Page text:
October is Sudden Cardiac Arrest Awareness Month

October is Sudden Cardiac Arrest Awareness Month

According to the Sudden Cardiac Arrest Foundation, nearly 1,000 people a day experience Sudden Cardiac Arrest (SCA) in the United States alone, and up to 90% of these cases result in fatality.

From children to athletes to the elderly, SCA can present itself in people of any age, and from any walk of life.

While a myocardial infarction ("heart attack") is generally the result of a reduced blood supply due to blockages within the veins and arteries, SCA happens when the heart ceases beating as result of the heart’s "electrical" controls not functioning properly.

The leading cause of SCA is coronary artery disease, which is responsible for roughly 80% of all sudden cardiac arrests. However, SCA can manifest a result of other factors, including congenital disorders or anomalies, drug overdose, or situations in which a person may experience an acute jolt of electricity through their system (electrocution).

Preventing Sudden Cardiac Arrest

There are various warning signs to be heeded in the prevention of SCA. Regardless of your age or general condition of health, should you experience any of the below listed symptoms or events, seek immediate medical attention for a diagnosis:

  • Discomfort or pain in the chest, or seizures during or directly following periods of heavy activity or exercise
  • Unexplained fainting 
  • Dizziness or lightheadedness
  • Abnormal heart rhythm
  • Unusual or excessive shortness of breath and fatigue following exercise or heavy activity. 

Because Coronary artery disease (CAD) is by far the most prevalent cause of SCA, it is important to know the risk factors for CAD and make attempts to reduce your personal risk factors to allow for a healthier, longer life.

Risk factors contributing to the development of CAD include:

  • Becoming accustomed to a mostly sedentary lifestyle with limited physical activity
  • Unhealthy eating and being overweight or obese
  • Using tobacco products
  • A genetic predisposition (family history) of heart disease 

Eating healthy, staying active, and eliminating the use of tobacco products are all actions which can be taken to improve overall heart health and reduce the risk of SCA.

Learning CPR and how to operate an Automated External Defibrillator (AED) can be helpful in saving lives where SCA may present itself. 

Science Care Donors Improve Heart Health

Through the selfless gift of donation, members of the Science Care Community are constantly aiding in the production of new means to improve patient health, longevity, and quality of life.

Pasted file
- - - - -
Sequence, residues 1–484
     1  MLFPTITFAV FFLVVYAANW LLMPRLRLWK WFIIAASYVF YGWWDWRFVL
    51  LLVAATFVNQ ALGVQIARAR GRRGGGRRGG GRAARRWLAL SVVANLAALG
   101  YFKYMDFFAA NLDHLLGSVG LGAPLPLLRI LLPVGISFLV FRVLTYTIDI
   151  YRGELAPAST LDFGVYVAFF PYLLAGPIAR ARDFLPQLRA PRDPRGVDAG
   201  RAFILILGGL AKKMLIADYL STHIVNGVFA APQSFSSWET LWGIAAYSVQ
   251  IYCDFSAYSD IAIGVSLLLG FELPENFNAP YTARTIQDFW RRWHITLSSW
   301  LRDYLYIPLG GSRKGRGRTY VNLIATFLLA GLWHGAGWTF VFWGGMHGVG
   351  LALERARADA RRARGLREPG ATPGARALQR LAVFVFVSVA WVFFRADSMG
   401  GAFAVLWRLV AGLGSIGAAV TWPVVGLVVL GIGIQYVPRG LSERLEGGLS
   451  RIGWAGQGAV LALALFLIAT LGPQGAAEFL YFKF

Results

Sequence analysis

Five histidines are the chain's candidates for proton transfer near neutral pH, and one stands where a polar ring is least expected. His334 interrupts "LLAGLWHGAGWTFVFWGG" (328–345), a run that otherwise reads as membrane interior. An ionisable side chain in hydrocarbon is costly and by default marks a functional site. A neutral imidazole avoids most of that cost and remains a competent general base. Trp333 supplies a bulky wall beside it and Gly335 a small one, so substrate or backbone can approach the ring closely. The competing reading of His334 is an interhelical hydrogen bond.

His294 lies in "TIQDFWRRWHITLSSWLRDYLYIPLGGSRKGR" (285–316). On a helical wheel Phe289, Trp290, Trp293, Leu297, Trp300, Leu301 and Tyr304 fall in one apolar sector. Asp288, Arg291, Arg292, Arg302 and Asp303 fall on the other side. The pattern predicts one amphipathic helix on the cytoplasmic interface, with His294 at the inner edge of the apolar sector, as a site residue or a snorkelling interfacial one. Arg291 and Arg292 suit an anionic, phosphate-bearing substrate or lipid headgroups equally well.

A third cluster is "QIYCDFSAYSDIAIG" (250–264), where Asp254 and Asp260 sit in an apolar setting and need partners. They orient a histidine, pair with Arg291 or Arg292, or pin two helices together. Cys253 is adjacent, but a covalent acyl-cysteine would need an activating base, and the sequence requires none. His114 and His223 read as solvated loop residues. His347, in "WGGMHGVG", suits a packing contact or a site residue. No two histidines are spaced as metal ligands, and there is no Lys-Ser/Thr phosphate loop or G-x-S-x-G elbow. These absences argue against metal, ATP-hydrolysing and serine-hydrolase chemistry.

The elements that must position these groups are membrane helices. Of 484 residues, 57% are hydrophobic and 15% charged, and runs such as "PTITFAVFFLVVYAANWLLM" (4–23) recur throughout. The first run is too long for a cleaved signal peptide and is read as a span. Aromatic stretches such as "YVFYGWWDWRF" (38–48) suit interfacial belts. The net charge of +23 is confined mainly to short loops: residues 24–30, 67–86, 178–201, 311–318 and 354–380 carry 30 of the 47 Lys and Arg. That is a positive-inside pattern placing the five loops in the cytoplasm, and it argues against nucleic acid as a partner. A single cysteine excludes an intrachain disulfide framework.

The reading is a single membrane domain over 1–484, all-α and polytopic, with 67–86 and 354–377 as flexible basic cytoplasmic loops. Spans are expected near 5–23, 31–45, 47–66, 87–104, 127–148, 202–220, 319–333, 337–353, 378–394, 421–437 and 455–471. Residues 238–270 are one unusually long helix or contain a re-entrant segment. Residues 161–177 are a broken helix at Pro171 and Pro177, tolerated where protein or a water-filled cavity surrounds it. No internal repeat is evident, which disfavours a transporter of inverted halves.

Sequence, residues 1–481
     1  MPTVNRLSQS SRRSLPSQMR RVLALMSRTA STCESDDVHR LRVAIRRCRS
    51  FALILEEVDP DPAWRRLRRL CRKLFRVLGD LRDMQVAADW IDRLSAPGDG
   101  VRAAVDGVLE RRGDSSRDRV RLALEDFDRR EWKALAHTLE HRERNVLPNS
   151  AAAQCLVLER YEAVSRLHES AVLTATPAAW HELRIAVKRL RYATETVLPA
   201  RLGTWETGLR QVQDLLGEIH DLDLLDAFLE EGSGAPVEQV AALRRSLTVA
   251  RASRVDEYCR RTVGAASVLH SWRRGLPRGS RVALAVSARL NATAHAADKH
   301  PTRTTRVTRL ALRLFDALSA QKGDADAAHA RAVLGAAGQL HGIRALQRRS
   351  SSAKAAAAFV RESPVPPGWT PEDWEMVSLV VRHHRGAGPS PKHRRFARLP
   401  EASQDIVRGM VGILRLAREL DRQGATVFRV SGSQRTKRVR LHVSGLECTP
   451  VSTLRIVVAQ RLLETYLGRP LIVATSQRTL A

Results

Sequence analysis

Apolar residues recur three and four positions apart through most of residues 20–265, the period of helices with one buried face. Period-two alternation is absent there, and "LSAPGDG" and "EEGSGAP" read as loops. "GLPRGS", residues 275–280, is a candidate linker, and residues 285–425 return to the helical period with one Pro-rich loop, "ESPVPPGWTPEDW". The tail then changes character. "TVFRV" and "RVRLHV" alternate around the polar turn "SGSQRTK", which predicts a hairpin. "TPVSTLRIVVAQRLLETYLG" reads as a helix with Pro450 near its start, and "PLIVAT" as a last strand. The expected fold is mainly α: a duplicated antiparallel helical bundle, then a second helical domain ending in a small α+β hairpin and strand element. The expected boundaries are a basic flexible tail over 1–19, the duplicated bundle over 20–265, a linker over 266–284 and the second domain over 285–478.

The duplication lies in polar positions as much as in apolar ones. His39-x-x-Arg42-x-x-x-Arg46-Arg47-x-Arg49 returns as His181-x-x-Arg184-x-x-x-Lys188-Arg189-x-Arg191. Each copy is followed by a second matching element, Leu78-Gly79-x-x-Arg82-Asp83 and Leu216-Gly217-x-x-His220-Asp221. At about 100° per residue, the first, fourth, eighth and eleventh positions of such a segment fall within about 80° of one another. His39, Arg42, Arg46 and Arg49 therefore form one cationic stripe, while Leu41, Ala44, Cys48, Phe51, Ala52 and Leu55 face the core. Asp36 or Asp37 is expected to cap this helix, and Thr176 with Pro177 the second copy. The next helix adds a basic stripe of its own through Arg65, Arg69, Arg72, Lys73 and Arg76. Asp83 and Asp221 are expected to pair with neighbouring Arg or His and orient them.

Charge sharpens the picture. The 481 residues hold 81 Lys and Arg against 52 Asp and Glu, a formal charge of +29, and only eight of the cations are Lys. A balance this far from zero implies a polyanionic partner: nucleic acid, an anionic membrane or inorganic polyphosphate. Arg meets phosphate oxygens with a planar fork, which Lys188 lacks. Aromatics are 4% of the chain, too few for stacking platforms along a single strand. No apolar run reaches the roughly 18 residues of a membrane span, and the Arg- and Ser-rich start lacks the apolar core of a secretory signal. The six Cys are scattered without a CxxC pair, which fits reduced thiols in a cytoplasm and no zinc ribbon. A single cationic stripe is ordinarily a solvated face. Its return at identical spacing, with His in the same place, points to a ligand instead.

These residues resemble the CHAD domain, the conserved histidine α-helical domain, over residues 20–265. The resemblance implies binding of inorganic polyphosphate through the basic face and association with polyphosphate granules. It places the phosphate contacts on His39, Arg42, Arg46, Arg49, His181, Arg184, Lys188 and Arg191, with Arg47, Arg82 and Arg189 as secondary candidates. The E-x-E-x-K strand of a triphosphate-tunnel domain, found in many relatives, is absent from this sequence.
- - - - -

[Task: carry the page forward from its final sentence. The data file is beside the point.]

Specific to Sudden Cardiac Arrest, Science Care donors making a difference by providing opportunities to:

Medical device researchers

Researchers can develop new and more effective means of controlling and correcting "electrical shorts" and heart arrythmias, which can lead to SCA. Science Care Donors have assisted in the development of:

  • More technologically advanced pacemakers, including those which are implanted directly in the heart and do not require the surgical creation of a ‘pacemaker pocket’ on the chest, and do not require the long wires (leads) usually associated with traditional pacemaker placement.
  • Implantable cardioverter-defibrillators (ICDs), which are similar to pacemakers, but ICDs have the ability to sense an abnormal heart rate or rhythm and generate an acute electrical jolt to a patient’s system, instantly correcting the arrythmia.  
  • More effective, less invasive means of cardiac ablation. This procedure is employed to create scar tissue within the heart. The targeted, precise production of scar tissue is intended to block or stop irregular electrical signals within the heart that can lead to an irregular or uneven heartbeat. 

Cardiac surgeons

Because of body donors, cardiac surgeons can hone their surgical skills such as those used in coronary bypass procedures. Surgeons can also develop more effective, less invasive techniques and procedures in the performance of coronary bypass which allow for faster patient recovery times and an increased ability to be physical active following recovery.

Pharmaceutical researchers

Developing and producing new medications to support heart health and functionality is critical. Body donors contribute to more efficient medication delivery systems which allow for more precise, targeted delivery of medication and reduced dosages.

Improving heart health for all

Medical professionals are hard at work increasing their knowledge of heart functionality, enhancing their caregiving skills, and developing new means to combat SCA in patients.

Advancements seen in medical science specific to heart health would not be possible without the without the generous, selfless gift left to society by those who chose to donate their body to science following their passing. Our most heartfelt and sincere thanks are extended to all those who chose to donate to improve the health, longevity and quality of life for this, and future generations.

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